George Will recently published a good Washington Post column on the ill-conceived People’s Rights Amendment, which Eugene Volokh and I blogged about here and here. Will points out several serious flaws in the proposal, and builds on some of the points we made:
Controversies can be wonderfully clarified when people follow the logic of illogical premises to perverse conclusions….
Joined by House Minority Leader Nancy Pelosi (D-Calif.), 26 other Democrats and one Republican, [Rep. James McGovern] proposes a constitutional amendment to radically contract First Amendment protections. His purpose is to vastly expand government’s power — i.e., the power of incumbent legislators — to write laws regulating, rationing or even proscribing speech in elections that determine the composition of the legislature and the rest of the government. McGovern’s proposal vindicates those who say that most campaign-finance “reforms” are incompatible with the First Amendment…
His “People’s Rights Amendment” declares that the Constitution protects only the rights of “natural persons,” not such persons organized in corporations…
McGovern stresses that his amendment decrees that “all corporate entities — for-profit and nonprofit alike” — have no constitutional rights. So Congress — and state legislatures and local governments — could regulate to the point of proscription political speech, or any other speech, by the Sierra Club, the National Rifle Association, NARAL Pro-Choice America or any of the other tens of thousands of nonprofit corporate advocacy groups, including political parties and campaign committees.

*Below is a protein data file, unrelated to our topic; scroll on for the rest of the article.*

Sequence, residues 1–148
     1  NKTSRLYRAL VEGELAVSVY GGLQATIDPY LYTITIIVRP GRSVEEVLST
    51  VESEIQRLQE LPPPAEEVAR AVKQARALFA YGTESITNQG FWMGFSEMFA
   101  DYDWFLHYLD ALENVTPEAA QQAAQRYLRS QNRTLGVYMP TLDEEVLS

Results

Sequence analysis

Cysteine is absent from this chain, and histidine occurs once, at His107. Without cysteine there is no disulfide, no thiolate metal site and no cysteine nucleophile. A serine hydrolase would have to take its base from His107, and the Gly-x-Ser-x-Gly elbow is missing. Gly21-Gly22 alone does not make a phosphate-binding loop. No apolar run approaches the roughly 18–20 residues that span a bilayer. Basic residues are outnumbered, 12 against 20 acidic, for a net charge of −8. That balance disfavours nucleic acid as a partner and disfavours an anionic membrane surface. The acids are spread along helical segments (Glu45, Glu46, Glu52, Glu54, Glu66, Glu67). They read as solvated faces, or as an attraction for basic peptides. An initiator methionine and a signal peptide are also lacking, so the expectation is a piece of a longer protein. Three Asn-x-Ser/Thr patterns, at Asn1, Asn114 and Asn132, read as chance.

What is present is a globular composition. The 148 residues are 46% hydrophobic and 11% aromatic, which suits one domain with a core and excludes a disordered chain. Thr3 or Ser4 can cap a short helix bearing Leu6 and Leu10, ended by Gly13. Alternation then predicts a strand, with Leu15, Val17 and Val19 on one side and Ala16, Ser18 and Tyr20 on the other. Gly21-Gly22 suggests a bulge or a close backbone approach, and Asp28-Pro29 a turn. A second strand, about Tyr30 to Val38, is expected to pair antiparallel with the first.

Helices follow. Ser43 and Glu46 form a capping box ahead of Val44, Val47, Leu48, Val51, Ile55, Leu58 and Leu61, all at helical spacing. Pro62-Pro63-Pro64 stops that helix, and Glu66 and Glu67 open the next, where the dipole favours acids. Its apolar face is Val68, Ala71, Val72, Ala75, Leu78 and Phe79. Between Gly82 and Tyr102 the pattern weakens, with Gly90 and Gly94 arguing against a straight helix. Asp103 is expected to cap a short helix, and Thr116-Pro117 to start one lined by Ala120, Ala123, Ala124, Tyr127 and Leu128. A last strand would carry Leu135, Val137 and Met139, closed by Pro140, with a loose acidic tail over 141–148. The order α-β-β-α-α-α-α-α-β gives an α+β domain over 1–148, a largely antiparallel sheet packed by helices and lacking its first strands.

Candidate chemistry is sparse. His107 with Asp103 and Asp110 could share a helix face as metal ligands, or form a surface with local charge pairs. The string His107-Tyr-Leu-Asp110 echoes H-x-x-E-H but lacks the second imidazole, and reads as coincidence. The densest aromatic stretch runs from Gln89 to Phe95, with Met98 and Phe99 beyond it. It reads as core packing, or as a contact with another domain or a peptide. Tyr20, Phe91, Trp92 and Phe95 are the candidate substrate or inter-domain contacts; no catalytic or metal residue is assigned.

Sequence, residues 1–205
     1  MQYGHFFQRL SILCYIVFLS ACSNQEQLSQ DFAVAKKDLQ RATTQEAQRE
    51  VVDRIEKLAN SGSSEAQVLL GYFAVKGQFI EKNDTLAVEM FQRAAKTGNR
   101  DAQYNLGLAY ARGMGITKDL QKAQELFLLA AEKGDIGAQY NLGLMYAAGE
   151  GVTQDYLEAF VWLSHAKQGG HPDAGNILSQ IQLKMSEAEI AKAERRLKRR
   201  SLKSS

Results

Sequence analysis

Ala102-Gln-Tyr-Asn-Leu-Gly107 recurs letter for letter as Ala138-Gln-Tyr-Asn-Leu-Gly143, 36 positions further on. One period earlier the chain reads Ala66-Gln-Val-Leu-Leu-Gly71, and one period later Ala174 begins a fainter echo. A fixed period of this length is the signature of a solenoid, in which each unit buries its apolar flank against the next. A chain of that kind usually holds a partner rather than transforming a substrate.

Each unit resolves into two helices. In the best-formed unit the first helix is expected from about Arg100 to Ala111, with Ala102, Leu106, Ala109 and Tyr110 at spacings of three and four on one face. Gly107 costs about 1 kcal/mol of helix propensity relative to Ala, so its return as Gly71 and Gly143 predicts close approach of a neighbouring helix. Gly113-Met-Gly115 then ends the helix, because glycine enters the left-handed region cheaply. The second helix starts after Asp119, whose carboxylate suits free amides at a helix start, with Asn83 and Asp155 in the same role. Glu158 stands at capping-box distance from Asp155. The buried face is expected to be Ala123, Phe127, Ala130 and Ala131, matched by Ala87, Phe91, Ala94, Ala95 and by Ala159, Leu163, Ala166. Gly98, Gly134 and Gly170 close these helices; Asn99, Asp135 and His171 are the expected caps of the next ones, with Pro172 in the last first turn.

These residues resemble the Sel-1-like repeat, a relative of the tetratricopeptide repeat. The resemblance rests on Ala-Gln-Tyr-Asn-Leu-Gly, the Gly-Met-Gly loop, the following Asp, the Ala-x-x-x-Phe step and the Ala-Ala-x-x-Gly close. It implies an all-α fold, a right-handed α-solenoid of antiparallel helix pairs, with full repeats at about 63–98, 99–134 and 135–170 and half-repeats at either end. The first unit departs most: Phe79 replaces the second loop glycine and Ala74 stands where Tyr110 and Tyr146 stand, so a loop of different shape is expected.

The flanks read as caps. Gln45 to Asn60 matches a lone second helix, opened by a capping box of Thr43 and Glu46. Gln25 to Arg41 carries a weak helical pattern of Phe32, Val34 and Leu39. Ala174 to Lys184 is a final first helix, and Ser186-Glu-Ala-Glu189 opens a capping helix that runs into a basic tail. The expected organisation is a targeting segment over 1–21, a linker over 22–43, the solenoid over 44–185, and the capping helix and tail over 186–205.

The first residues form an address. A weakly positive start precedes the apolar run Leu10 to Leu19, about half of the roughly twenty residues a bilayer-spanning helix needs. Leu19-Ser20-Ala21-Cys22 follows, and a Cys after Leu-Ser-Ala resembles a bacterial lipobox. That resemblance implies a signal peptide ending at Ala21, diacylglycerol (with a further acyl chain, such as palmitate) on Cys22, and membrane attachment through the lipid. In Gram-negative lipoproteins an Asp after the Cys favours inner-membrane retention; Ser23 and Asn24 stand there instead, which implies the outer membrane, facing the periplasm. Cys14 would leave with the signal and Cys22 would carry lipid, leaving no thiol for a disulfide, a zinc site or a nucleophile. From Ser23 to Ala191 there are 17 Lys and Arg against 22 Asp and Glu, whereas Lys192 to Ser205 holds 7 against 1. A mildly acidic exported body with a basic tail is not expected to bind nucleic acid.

Newspapers, magazines, broadcasting entities, online journalism operations — and most religious institutions — are corporate entities. McGovern’s amendment would strip them of all constitutional rights. By doing so, the amendment would empower the government to do much more than proscribe speech. Ilya Somin of George Mason University Law School, writing for the Volokh Conspiracy blog, notes that government, unleashed by McGovern’s amendment, could regulate religious practices at most houses of
worship, conduct whatever searches it wants, reasonable or not, of corporate entities, and seize corporate-owned property for whatever it deems public uses — without paying compensation. Yes, McGovern’s scythe would mow down the Fourth and Fifth Amendments, as well as the First.
One can argue for the constitutionality of campaign finance regulations on several grounds. But doing so on the basis that people organized into corporate entities have no constitutional rights does indeed lead us down the dangerous path dramatically illustrated by the Peoples’ Rights Amendment.